In 2021, Bigbox, an Argentina-based gift platform, sold 500,000 experiences in the Spanish-speaking countries where it operates: Mexico, Peru, Chile, Uruguay, and Spain, besides, of course, Argentina.
In December 2019, the 11-years-old company had plans to open 50 brick-and-mortar stores in the region (it had 16 at the time), but the pandemic hit and in-person sales at Bigbox simply dropped to zero. “This reality forced us to focus on the digital and corporate channels, which, luckily, had phenomenal growth, thus compensating for the drop in the retail channel,” Gastón Parisier, founder and CEO of Bigbox, told LABS.
The company works with experiences in five thematic categories: gastronomy, well-being, stays, adventure and mix – welcome and birthday experiences are among the most popular gifts within the platform. “We created more than 500 experiences to be enjoyed at home. Delivery options, language courses, music, programming; we even had spa packs at home. Companies needed to be close to their employees despite isolation and sought these types of options to motivate their workers. Before the pandemic, 80% of Bigbox’s customers were end consumers looking to give experiences to their friends and family; 20% were corporate clients. A year later, corporate sales grew 120% and today the clientele is split 70-30%,” Parisier said.
READ ALSO: Visa partners with fintech Tribal in LatAm to expand small business offerings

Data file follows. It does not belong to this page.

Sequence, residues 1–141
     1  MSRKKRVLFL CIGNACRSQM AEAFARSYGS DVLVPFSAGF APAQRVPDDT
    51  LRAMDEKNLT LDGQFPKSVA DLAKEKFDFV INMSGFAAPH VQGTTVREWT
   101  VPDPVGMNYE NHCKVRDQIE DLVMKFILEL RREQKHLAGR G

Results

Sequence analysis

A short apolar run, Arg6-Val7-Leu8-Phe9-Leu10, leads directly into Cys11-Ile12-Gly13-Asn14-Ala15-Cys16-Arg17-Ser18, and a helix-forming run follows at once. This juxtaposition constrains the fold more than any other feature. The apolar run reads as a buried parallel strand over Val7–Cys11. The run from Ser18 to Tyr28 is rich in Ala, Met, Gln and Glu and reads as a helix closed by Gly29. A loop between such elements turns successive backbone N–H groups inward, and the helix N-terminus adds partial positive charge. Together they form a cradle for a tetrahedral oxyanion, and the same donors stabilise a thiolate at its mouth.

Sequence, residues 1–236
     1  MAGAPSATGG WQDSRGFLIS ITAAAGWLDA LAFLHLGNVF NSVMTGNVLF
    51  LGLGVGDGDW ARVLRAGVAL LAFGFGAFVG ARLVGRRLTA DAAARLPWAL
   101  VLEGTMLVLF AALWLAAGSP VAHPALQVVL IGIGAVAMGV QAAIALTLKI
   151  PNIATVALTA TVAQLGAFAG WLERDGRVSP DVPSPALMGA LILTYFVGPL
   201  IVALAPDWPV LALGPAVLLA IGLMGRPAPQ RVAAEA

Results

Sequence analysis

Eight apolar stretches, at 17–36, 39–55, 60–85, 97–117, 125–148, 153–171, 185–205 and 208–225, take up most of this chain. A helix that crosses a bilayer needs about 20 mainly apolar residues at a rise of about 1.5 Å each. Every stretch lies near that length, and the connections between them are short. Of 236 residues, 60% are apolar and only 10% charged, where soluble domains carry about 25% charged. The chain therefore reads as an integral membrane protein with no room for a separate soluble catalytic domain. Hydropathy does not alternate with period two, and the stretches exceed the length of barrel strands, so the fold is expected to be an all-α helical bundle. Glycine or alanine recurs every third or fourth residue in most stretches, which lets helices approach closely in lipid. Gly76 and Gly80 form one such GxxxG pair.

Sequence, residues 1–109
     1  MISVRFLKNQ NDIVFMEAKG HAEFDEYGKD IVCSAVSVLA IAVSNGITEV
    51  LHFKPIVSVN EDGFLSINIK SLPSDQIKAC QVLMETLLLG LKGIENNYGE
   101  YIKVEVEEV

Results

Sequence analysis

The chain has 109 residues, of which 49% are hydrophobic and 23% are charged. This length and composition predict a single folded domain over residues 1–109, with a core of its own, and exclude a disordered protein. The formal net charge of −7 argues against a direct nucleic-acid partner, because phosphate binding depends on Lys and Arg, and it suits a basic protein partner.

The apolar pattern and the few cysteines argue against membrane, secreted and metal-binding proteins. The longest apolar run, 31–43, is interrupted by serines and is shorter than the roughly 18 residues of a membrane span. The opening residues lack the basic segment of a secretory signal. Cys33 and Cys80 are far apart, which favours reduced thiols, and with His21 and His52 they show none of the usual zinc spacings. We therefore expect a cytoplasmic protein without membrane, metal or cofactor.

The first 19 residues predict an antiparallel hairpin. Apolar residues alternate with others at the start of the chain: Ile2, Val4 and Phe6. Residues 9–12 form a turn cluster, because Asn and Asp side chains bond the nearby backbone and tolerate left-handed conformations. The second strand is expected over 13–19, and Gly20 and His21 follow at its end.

Bigbox grew its corporate client base for the third consecutive year, reaching over 3,000 companies (800 in Mexico), and little by little it advances in its digital transformation, eyeing the whole customer journey.
“The pandemic has definitely accelerated the need for companies of all sizes to retain their teams. Bigbox understood that need and sought to be a solution for them. At the beginning, we created a category of experiences that could be enjoyed from home. We also adapted this technology and implemented a SaaS solution to measure the happiness of the actions that are carried out. Companies have found several advantages in investing in experiences for their employees and during 2021 we confirm that this is a trend that is here to stay,” said Parisier.
When asked about Bigbox’s revenue, Parisier told LABS that the platform increased its sales by more than 60% last year, without disclosing exactly how much did the company earned in 2021. As of November, however, the company told El Economista and El País that it gained about $20 million in 2021.
It was also in 2021 that Bigbox landed in Europe, launching its operations in Spain with an investment of €1.5 million. “The goal is to close 2022 with a portfolio of 300 major clients in Spain, including large banking, energy or telecommunications companies, and for the Spanish market to account for 15% of the 750,000 experiences that we sell next year,” said Parisier.
READ ALSO: Brazil, Argentina, and Mexico ranked in the top 10 countries where e-commerce will grow fastest in 2022
In 2021, more than 200 partners, especially hotel networks and restaurants, joined Bigbox experiences. In Mexico, partners such as Carajillo, Estoril, La Leche, Antifine dining, La Chilanguita, Aitana, Hotel Geneve, Clandestino Hotel and Barrita de Mar stand out.
“The goal is to close 2022 with a portfolio of 300 major clients in Spain, including large banking, energy or telecommunications companies, and for the Spanish market to account for 15% of the 750,000 experiences that we want to sell around the world next year,” Parisier said. “We will continue with the regional expansion, although our greatest challenge is the roll-out of software that we are developing for our partners and clients. Our greatest challenge is transforming a company with a commercial DNA into a technological one.”
Bigbox has 160 employees in Latin America and will likely hire more professionals throughout the year to keep up with its expansion plans.